Measuring nonpolar organic contaminant partitioning in three Norwegian sediments using polyethylene passive samplers
Norwegian Institute for Water Research (NIVA), Oslo Centre for Interdisciplinary Environmental and Social Research, Gaustadalléen 21, NO-0349 Oslo, Norway. Science of The Total Environment
(Impact Factor: 4.1).
03/2012; 423:125-31. DOI: 10.1016/j.scitotenv.2012.02.027
Freely dissolved pore water concentrations of polycyclic aromatic hydrocarbons (PAHs), polychlorinated biphenyls (PCBs), penta- and hexachlorobenzene (PeCB and HCB), octachlorostyrene (OCS), p,p'-DDE and p,p'-DDD were measured in bottom sediments from three sites in Norway. Sediments were from Aker Brygge, site of a former shipyard in the inner part of Oslofjord, Frierfjord in the Grenlandsfjord area, impacted during the 50 year-long activity of a magnesium smelter plant, and from Kristiansand harbour, site with high industrial activity. Low density polyethylene (LDPE) membrane samplers were exposed to these sediments in laboratory incubation under constant and low-level agitation for periods of 1, 2, 6, 13, 23 and 50 days. Freely dissolved pore water concentrations were estimated from contaminant masses accumulated and sampling rates obtained from the measurement of kinetics of dissipation of performance reference compounds (PRCs). Marked differences in freely dissolved PAH concentrations and resulting organic carbon-normalised sediment-pore water partition coefficients, logK(TOC), between these three sediments could be observed despite the generally similar total sediment concentrations. In contrast with the PAH data, partitioning of PCBs and other organochlorine compounds (OCs) was relatively similar in all three sediments. For sediments from Frierfjord and Kristiansand, logK(TOC) values were lower for PCBs/OCs than for PAHs, indicating higher availability. Similar partitioning of PAHs and PCBs/OCs was found for sediments from Aker Brygge. No simple logK(oc)-logK(ow) relationships could model these data successfully. These results support the notion that the assessment of the risk posed by these compounds present in sediments in most cases requires actual measurement of contaminant availability.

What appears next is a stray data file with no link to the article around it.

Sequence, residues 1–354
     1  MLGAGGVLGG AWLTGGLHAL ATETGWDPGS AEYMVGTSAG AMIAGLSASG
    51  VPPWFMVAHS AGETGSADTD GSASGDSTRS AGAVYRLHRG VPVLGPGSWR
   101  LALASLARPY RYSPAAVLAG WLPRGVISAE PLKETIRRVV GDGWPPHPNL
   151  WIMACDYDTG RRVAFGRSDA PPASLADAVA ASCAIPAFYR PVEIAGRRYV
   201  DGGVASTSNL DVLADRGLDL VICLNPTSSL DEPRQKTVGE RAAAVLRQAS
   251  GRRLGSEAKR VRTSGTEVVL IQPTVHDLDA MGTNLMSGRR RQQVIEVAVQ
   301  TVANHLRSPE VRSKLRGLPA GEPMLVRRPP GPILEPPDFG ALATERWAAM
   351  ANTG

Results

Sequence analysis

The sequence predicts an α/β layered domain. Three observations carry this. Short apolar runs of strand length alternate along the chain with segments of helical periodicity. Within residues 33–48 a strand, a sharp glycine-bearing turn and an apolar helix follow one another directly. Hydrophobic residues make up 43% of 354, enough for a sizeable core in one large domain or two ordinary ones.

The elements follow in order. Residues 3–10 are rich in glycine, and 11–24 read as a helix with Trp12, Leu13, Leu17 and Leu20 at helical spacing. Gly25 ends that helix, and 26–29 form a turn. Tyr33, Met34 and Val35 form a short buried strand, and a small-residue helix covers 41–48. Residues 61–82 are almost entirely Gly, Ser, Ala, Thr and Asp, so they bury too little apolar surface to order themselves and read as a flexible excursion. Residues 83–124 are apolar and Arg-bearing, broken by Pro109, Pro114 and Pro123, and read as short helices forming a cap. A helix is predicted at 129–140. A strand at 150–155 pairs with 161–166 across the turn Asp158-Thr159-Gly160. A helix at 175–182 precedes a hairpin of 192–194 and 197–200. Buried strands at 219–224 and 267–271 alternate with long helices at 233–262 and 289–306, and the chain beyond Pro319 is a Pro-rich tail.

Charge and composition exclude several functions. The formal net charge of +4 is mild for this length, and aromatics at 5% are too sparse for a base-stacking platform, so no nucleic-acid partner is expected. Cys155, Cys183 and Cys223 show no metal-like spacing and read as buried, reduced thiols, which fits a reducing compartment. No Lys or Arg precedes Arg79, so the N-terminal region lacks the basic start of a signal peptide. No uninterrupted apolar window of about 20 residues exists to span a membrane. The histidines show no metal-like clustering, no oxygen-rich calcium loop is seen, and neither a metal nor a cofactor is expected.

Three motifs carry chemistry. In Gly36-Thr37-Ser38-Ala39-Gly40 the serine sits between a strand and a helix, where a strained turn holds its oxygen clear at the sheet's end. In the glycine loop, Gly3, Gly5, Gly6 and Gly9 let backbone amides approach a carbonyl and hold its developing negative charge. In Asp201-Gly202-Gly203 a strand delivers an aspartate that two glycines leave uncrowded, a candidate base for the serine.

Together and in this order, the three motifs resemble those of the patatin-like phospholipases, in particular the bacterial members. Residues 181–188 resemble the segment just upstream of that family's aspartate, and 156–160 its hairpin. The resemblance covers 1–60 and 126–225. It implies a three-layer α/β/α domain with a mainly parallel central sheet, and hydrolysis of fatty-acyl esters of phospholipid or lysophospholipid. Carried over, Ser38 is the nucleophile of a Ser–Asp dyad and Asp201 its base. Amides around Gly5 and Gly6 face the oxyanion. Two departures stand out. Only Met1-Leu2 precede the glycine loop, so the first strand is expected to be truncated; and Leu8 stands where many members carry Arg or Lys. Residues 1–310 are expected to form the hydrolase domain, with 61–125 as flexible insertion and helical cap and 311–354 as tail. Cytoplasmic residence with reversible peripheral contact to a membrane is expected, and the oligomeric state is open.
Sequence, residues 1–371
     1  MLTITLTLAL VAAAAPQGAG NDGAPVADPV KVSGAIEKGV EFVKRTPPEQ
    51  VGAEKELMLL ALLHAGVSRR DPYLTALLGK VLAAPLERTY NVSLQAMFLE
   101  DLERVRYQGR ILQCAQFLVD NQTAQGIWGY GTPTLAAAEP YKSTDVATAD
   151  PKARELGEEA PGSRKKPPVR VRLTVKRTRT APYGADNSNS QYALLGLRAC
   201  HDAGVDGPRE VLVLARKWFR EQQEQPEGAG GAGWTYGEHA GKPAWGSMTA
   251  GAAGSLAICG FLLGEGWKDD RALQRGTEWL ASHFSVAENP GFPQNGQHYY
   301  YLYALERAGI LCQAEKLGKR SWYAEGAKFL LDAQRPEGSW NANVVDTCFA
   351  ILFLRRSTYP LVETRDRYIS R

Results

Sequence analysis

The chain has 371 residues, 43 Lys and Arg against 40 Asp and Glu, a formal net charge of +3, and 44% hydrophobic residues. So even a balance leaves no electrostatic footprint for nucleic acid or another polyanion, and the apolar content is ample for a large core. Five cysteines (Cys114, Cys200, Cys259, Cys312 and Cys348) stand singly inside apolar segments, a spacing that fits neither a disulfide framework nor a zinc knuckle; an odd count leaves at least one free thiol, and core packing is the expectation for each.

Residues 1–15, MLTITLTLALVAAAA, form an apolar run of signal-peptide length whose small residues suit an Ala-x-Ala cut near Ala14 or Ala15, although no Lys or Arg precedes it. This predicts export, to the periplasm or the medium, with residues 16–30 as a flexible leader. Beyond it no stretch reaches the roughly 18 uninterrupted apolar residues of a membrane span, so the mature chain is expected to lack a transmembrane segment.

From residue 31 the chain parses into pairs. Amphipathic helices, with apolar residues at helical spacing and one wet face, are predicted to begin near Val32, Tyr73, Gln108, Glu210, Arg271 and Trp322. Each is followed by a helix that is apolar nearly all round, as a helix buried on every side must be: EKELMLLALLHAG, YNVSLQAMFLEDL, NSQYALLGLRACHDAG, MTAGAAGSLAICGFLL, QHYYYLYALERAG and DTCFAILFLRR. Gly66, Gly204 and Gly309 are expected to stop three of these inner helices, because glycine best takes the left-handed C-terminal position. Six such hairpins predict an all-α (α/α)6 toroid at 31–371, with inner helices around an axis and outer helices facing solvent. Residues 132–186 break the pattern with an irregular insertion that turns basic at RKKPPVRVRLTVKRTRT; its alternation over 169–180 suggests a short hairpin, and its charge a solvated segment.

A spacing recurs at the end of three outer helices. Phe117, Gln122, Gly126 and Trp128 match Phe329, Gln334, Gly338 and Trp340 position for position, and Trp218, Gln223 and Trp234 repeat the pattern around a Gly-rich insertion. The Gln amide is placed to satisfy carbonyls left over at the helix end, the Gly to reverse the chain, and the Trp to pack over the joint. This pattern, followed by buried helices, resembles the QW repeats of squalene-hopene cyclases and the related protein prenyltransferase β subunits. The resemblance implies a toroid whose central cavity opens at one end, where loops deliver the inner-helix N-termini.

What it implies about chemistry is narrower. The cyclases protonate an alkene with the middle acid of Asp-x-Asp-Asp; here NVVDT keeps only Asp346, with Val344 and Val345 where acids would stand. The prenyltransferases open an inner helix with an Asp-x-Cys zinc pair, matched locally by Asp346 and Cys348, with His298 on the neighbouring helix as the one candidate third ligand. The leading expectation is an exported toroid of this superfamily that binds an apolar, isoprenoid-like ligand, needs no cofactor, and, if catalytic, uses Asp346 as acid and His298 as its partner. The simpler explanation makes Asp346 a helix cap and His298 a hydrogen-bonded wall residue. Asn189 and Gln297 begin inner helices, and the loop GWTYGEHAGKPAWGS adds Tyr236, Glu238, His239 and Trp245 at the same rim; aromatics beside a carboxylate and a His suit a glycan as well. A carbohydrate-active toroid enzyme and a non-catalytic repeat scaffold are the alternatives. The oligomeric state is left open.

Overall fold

Available from: Daria Pasalic